The tower defense genre has a reputation for producing a slew of run-of-the-mill titles for the purpose of making a quick buck on handheld platforms. Fieldrunners 2 however, developed by Subatomic Studios, looks to be the exception that proves the rule. But does this highly diluted genre still hold a place in our hearts, or has it been ruined by endless mediocrity?
In Fieldrunners 2, a clone army is attacking your kingdom, and it’s up to you to stop them. As with any other tower defense game, enemies walk along predetermined paths and you build defensive towers to kill them before they reach their destination. On some stages you’ll be able to redirect this path by placing towers that force the enemies to take the long way around, while on others you’ll have to make the best out of the building space available.The game also features a number of puzzle maps where you have to meet a specific set of circumstances to succeed.
Not much can be said about the maps themselves, they’re mostly rectangular screens with some manner of a well-designed backdrop. There’s a nice variety of both layouts and aesthetics found in each map.
The armada of attacking clones is comprised of a wide variety of special enemies, some that would feel right at home among the Team Fortress 2 roster. You’ve got runners, heavies, medics, tanks, choppers, zeppelins, hazmats, and even nuclear missile carriers, all painted in a comfortably familiar cell shaded style. While few enemies have any particular weakness to specific towers, strategy is nevertheless important in setting your defenses up so that slow moving enemies are affected by high damage but short range towers, and fast moving enemies by low damage but long range towers. Of course, one should never forget the holy combination of slowing and area of effect towers.
It wouldn’t be a tower defense game without some destructively appealing towers, and there are plenty to chose from. Before each level you’re given the choice of bringing six different towers into the battle, with an impressive 28 varieties in total. Not all the towers are unlocked from the start however, and you have to earn coins and stars to unlock the more impressive constructs, some costing a hefty sum. A few towers perform similar tasks, like slowing, shooting in a line or sniping from afar, but there’s usually some deceptively important difference between each one that sets them apart. They all look and function great, and the feeling of setting up a perfectly synergetic deathtrap and watching as hordes of soldiers fall to your defenses is incredibly satisfying.
Disappointingly the amount of freedom you’re given to set up your defenses is very limited, at least when compared to many other tower defense titles. Many maps will have a safe path where enemies can walk unobstructed in addition to other random clutter preventing you from building a perfect maze. The result is an experience that feels more like a puzzle than a strategy game. While we really like the new dynamic, we do miss the more traditional tower defense gameplay of building massively intricate mazes.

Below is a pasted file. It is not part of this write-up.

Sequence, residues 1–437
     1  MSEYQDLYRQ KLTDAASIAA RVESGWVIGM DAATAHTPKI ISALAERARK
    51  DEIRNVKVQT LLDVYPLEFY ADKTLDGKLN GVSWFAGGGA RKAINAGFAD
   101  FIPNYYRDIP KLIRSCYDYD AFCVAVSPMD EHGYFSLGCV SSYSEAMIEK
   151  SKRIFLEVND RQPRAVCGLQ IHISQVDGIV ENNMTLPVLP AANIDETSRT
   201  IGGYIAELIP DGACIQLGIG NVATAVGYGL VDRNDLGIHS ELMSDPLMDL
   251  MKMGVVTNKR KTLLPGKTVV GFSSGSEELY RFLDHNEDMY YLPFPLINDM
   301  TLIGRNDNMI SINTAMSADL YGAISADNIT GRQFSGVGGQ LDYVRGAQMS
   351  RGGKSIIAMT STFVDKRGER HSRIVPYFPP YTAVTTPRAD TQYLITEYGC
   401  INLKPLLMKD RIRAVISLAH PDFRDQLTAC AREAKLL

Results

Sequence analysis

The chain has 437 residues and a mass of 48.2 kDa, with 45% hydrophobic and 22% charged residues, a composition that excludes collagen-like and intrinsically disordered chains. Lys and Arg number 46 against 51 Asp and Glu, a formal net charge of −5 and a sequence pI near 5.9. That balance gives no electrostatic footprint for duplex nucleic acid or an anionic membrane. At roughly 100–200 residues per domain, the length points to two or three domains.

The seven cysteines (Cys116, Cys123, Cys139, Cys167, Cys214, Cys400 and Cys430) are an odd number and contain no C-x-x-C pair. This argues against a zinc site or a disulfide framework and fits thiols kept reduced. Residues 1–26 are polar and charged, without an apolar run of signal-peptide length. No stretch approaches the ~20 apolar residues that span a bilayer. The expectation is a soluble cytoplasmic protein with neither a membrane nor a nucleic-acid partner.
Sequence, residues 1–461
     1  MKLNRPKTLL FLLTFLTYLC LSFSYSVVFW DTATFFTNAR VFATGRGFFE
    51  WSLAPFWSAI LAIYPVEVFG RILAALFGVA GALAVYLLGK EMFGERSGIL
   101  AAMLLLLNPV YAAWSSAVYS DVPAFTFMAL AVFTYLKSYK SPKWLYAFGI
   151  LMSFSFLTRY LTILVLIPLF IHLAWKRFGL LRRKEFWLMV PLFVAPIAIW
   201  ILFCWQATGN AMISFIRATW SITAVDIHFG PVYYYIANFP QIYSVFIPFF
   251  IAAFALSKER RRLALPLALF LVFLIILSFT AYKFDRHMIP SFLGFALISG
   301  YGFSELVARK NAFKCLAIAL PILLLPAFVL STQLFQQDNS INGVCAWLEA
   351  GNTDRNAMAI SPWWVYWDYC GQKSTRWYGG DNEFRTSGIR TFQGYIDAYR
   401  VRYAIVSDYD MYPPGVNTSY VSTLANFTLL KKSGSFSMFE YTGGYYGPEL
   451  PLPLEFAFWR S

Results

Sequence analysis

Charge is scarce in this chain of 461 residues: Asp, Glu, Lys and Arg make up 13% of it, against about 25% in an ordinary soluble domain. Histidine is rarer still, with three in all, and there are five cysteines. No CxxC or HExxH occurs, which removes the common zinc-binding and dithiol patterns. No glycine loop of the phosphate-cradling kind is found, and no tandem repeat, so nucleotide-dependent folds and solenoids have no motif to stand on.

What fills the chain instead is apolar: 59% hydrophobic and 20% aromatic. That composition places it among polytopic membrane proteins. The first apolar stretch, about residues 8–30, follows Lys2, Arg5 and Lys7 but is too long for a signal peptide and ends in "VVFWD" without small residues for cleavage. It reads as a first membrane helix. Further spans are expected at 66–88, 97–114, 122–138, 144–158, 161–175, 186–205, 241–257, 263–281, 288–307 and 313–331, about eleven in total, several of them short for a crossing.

Once you’ve acquired all the towers there’s still plenty to spend money on; with handy items that do anything from turn back time, freeze enemies in place or simply blow them to smithereens. Initially you might want to save these up as much as possible as they can become quite essential to survive the later levels.They’re a nice addition that provide a useful handicap to newcomers, but hardcore purists will want to avoid using them as much as possible.
Before every level you choose between casual, tough or heroic difficulties. All but the most seasoned tower defense players will want to immediately chose casual, as the game can get incredibly difficult if you haven’t built everything perfectly from the start. New players can usually still get by, assuming they aren’t as obsessed about getting perfect scores as we were, so the challenge should feel just right. Of course if you can handle tough or heroic– the suitable reward of extra stars and coins is there to motivate you.
Fieldrunners 2 doesn’t do much to reinvent the wheel. But, it’s taken all the best parts from different games, polished them and put them all together to make one kickass wheel…erm game. Veterans looking for the next great tower defense game needn’t look further, and the same can be said for newcomers who want something accessible but challenging. With a budget price and hours upon hours of fun to be had, Fieldrunners 2 easily earns a worth buying from us. Get building.
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- Name: Fieldrunners 2
- Reviewed on: PC
- Available on: PC (Windows), iOS
- Developed by: Subatomic Studios
- Release Date: January 10, 2013
- Price: $9.99
- Elder-Geek Score: 5 out of 5 / Worth Buying